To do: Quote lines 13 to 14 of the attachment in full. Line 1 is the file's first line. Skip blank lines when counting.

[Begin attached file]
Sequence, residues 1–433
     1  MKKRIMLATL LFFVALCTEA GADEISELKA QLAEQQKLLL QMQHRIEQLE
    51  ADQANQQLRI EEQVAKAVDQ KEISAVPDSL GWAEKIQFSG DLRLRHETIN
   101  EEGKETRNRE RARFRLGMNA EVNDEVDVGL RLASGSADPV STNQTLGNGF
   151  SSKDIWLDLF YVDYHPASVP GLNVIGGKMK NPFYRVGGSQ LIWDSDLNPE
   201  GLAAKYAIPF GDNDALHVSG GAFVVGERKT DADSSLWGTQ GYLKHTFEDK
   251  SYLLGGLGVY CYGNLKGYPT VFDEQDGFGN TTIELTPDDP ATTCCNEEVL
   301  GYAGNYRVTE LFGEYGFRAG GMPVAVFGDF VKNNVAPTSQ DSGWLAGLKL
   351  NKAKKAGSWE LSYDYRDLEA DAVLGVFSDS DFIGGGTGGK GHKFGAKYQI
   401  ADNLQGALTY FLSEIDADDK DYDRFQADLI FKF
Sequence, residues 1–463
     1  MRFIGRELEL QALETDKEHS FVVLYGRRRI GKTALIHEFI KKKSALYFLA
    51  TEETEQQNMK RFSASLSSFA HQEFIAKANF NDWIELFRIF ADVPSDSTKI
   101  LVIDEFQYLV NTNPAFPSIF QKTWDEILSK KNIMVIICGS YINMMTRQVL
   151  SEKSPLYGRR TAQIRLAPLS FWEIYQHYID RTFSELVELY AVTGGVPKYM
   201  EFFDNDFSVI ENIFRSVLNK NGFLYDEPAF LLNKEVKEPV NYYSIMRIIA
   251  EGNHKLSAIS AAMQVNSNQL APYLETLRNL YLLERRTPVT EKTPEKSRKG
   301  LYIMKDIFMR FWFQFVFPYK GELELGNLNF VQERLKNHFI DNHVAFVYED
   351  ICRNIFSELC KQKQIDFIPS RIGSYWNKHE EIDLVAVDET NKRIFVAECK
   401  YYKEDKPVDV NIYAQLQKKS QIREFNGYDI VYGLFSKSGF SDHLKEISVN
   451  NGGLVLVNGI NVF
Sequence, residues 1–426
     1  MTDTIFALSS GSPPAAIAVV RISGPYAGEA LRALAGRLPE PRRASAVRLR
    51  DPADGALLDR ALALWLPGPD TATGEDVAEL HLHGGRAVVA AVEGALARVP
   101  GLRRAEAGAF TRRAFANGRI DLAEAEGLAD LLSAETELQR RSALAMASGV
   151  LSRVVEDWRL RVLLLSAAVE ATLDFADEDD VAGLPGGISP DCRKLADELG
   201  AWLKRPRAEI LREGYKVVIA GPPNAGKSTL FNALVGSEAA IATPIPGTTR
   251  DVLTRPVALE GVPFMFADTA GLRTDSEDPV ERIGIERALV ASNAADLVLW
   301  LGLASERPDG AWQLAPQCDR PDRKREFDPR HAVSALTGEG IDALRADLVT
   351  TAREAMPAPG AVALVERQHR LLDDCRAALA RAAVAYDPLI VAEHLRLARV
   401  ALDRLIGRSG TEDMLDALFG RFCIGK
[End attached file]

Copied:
    51  TEETEQQNMK RFSASLSSFA HQEFIAKANF NDWIELFRIF ADVPSDSTKI
   101  LVIDEFQYLV NTNPAFPSIF QKTWDEILSK KNIMVIICGS YINMMTRQVL